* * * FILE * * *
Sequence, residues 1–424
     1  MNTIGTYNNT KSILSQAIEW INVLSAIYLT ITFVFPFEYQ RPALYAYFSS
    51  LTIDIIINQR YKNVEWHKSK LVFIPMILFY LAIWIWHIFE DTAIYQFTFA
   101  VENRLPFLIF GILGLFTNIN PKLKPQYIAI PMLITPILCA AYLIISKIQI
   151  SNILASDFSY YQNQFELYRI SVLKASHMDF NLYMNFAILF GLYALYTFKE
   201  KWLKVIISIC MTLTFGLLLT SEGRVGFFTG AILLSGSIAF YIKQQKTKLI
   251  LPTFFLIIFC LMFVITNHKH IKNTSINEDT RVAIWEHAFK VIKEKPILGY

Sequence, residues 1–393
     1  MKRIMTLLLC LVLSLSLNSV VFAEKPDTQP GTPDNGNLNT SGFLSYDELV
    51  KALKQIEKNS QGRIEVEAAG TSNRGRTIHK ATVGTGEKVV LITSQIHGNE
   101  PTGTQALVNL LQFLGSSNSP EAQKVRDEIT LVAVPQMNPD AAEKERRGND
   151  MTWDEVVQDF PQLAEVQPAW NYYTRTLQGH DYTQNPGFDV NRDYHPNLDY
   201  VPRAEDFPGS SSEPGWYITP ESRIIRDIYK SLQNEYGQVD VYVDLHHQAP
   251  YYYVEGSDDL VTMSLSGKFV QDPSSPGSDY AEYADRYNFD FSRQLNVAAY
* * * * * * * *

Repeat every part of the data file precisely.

Sequence, residues 1–424
     1  MNTIGTYNNT KSILSQAIEW INVLSAIYLT ITFVFPFEYQ RPALYAYFSS
    51  LTIDIIINQR YKNVEWHKSK LVFIPMILFY LAIWIWHIFE DTAIYQFTFA
   101  VENRLPFLIF GILGLFTNIN PKLKPQYIAI PMLITPILCA AYLIISKIQI
   151  SNILASDFSY YQNQFELYRI SVLKASHMDF NLYMNFAILF GLYALYTFKE
   201  KWLKVIISIC MTLTFGLLLT SEGRVGFFTG AILLSGSIAF YIKQQKTKLI
   251  LPTFFLIIFC LMFVITNHKH IKNTSINEDT RVAIWEHAFK VIKEKPILGY

Sequence, residues 1–393
     1  MKRIMTLLLC LVLSLSLNSV VFAEKPDTQP GTPDNGNLNT SGFLSYDELV
    51  KALKQIEKNS QGRIEVEAAG TSNRGRTIHK ATVGTGEKVV LITSQIHGNE
   101  PTGTQALVNL LQFLGSSNSP EAQKVRDEIT LVAVPQMNPD AAEKERRGND
   151  MTWDEVVQDF PQLAEVQPAW NYYTRTLQGH DYTQNPGFDV NRDYHPNLDY
   201  VPRAEDFPGS SSEPGWYITP ESRIIRDIYK SLQNEYGQVD VYVDLHHQAP
   251  YYYVEGSDDL VTMSLSGKFV QDPSSPGSDY AEYADRYNFD FSRQLNVAAY